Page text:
Maternal influences on offspring size, behaviour and energy metabolism.
PhD thesis, University of Glasgow.
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In my thesis I investigate the ecology of maternal influences: the unique ability of mothers to influence, via genetic and non-genetic means, the phenotypic expression of their offspring. My research is presented as a series of standalone chapters that are introduced and then summarised by a general introduction (Chapter 1) and a general discussion (Chapter 6) respectively.
One of the main components of an organism’s energy budget is its baseline level of energy metabolism. Individual differences in this cost of self-maintenance (termed in this chapter, resting metabolic rate, RMR) are substantial, but the causes and consequences of this variation are obscure. In Chapter 2, I review the published literature and show that maternal influences (along with other factors) can contribute substantially to variation in offspring RMR. Also, the RMR - fitness relationship appears to be modulated by environmental conditions (e.g. food supply), suggesting that the fitness consequences of a given RMR may be context-dependent. Thus, I propose that broad-scale variation in RMR might persist in natural populations, due to both spatial and temporal variation in environmental conditions and the trans-generational influence of mothers.
To further investigate maternal influences on offspring energy metabolism, I measured the standard metabolic rate (SMR, a measure equivalent to RMR but used in reference to ectothermic animals) of juvenile brown trout (Salmo trutta) in response to intra-clutch manipulations of egg cortisol and testosterone (Chapter 3). Although, neither hormone affected offspring SMR (egg testosterone treatment resulted in a likely pharmacological dose), juveniles from cortisol-treated eggs were smaller and subordinate to individuals from control eggs. This indicates that variation in the amount of cortisol deposited in eggs by females, either among clutches or within them, is likely to affect juvenile performance.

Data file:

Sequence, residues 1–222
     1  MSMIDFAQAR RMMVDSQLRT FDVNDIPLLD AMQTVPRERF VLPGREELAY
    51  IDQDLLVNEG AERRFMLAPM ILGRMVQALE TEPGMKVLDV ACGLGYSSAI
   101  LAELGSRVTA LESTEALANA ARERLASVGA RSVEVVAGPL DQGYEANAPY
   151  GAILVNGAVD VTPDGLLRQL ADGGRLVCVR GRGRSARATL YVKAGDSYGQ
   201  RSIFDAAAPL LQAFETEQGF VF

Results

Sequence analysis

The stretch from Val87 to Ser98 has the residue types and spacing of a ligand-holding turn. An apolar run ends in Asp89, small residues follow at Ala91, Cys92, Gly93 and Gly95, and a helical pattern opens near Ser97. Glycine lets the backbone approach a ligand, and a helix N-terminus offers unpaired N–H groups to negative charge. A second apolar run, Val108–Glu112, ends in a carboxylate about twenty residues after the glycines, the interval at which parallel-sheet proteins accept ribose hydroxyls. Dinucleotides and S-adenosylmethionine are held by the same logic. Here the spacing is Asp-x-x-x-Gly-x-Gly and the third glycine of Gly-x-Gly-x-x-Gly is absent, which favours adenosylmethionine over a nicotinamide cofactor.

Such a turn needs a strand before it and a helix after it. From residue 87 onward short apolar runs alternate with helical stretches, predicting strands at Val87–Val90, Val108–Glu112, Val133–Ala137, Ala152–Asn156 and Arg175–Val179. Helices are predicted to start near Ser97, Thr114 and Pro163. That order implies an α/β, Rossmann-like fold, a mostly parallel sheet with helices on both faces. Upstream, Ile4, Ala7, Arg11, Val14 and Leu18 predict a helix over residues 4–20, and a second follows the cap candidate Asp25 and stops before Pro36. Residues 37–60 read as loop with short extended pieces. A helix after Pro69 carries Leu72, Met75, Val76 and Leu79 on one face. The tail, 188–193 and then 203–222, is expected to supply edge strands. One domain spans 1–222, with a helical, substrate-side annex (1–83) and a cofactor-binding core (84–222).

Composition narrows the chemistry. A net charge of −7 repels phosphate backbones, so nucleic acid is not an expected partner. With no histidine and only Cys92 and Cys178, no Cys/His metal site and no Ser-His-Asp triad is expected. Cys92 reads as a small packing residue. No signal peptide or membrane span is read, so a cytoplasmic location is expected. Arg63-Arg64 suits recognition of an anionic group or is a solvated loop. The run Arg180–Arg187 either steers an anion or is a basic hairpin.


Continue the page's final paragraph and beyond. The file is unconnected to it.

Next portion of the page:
In a separate experiment (Chapter 4), I investigated if within-clutch differences in the phenotypes of juvenile brown trout were systematically related to the position where each individual developed during oogenesis. For a given egg size, siblings from dominant mothers were initially larger (but had a lower mass-corrected SMR) if they developed in the rear of the egg mass. However, heterogeneity in the size of siblings from different positions in the egg mass diminished in lower ranking females. Juvenile social status also varied according to egg mass position, although the direction of this effect depended on their age.
Maternal influences on offspring are not only determined by conditions experienced by females immediately prior to reproduction. In Chapter 5, I investigated whether the juvenile growth rate and adult reproductive traits of female wild Atlantic salmon are related to the performance of their offspring in the wild. Investment in egg size was linked to both the juvenile and adult phenotypes of mothers. Even when controlling for egg size, the influence of these ‘past’ and ‘present’ maternal traits extended to offspring performance. Offspring growth was positively related to maternal investment in reproduction and the juvenile growth rate of each mother. The survival and biomass of offspring were also linked to adult reproductive traits but these relationships differed for mothers that had grown at either fast or slow rates as juveniles.
Overall my thesis demonstrates that maternal influences are a substantial source of variation in offspring size, behaviour and physiology, both among and within clutches. My research also underlines the importance of maternal influences for offspring ecology and therefore maternal fitness.
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